Sod Webworms
Crambus spp.
Pediasia trisecta (Walker)
Tropical sod webworm, Herpeto gramma phaeopteralis Guenee


Adult -- The moths, 13 to 19 mm long, have a wingspan of about 15 to 35 mm. They have a prominent forward projection (labial palps) on the head. The forewings are brown or dull ash gray, with a whitish streak from the base to the margin; the hind wings are brownish. When at rest, the moths fold their wings in a tent-like manner over their body.

Egg -- The tiny, oblong eggs are white to pale yellow. Each egg is about 0.5 mm long and 0.3 mm wide.

Larva -- Most larvae vary from pinkish-white to yellowish to light brown. They are 16 to 28 mm long when fully grown, with thick bodies, coarse hairs, and paired dorsal and lateral spots on each segment. The head is yellowish- brown, brown, or black. Individual grubs often assume a C-shaped position. Tropical sod webworms are greenish and up to 19 mm long.

Pupa -- The reddish-brown pupae are 11 to 13 mm long.


Distribution -- Many species of sod webworms occur in the United States. The actual species present in any given area, however, is highly variable. Whereas many Crambus species are generally distributed, the tropical sod webworm is common primarily in Florida, and Pediasia trisecta abounds in Tennessee.

Host Plants -- Sod webworms feed on lawns, golf course grasses, some clovers, corn, tobacco, bluegrass, timothy, as well as pasture and field grasses. They usually favor bluegrass and Tifdwarf hybrid bermudagrass, but will attack most grasses.

Damage -- Larvae cut off grass blades just above the thatch line, pull them into their tunnels and eat them. The injury appears as small brown patches of closely cropped grass. If many larvae are present, the patches run together to form large, irregular brown patches.

Life History -- Webworms overwinter as young larvae a few centimeters below the soil line among the roots of weeds and grasses in silk-lined tubes. During early spring the larvae feed on the upper root systems, stems, and blades of grass. They build protective silken webs, usually on steep slopes and in sunny areas, where they feed and develop. In early May, they pupate in underground cocoons made of silk, bits of plants, and soil. About two weeks later, adults emerge. Beginning in May, moth flights may occur until October. The moths, erratic and weak flyers, live only a few days and feed solely on dew. They are active at dusk, resting near the ground in the grass during the day.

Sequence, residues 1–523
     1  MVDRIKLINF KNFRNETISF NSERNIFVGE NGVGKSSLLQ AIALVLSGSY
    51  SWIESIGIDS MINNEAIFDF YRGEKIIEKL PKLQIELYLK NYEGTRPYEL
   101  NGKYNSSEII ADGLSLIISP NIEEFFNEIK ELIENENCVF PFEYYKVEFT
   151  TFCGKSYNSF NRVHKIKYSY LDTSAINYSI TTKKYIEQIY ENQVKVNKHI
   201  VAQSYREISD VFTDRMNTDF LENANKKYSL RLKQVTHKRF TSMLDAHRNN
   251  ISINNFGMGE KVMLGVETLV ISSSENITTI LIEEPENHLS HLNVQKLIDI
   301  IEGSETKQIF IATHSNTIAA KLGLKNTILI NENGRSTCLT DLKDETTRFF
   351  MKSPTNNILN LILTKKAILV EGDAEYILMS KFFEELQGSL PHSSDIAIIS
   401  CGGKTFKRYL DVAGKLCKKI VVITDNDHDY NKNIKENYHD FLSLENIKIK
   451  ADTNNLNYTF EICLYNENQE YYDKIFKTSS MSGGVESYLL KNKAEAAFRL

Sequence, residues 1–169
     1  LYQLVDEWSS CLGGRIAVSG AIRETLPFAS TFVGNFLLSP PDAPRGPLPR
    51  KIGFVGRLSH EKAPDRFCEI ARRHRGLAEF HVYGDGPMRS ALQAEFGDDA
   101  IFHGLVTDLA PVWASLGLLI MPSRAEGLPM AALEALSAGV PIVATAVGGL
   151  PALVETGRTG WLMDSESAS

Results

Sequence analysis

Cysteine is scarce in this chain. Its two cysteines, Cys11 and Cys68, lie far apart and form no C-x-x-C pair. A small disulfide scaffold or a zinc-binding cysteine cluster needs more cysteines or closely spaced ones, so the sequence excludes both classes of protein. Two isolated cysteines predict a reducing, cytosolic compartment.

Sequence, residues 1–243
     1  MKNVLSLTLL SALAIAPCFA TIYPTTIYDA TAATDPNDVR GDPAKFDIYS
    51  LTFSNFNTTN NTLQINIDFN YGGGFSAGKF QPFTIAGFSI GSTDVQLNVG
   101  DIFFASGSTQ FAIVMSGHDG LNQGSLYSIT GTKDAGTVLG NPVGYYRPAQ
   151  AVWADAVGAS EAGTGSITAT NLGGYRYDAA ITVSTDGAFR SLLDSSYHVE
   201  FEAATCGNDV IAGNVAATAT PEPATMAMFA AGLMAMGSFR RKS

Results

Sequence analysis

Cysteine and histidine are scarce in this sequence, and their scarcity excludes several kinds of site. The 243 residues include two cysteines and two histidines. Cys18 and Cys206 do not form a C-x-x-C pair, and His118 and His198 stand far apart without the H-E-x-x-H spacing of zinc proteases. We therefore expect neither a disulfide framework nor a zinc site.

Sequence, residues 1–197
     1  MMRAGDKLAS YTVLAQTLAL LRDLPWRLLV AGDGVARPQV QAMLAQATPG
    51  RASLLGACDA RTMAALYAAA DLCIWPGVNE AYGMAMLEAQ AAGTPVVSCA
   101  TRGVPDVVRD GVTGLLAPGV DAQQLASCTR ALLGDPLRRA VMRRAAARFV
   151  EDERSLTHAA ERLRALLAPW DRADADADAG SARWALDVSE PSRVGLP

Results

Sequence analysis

The eggs, which are deposited indiscriminately over the grass, hatch in 7 to 10 days. Young larvae immediately begin to feed and construct their silken tunnels. The most severe damage occurs in July and August when the grass is not growing rapidly. During this hot weather, the larvae feed at night or on cloudy days. Most sod webworms complete 2 or 3 generations each year, with approximately 6 weeks elapsing between egg deposition and adult emergence. In Florida, tropical sod webworms may produce a new generation every 5 to 6 weeks. A sod webworm infestation in the lawn can be detected by applying 1 tablespoon of pyrethrin (insecticide) in 1 gallon of water per square meter (or sq. yd.). The caterpillars will surface within a few minutes and can be found by separating the blades of grass, particularly at the interface between living and dead areas of turf. If 3 or 4 webworms are found in a 15 cm square (6 inch sq.) area, control is recommended.


Color plate -- sampling. For specific chemical control, consult state agricultural extension service recommendations.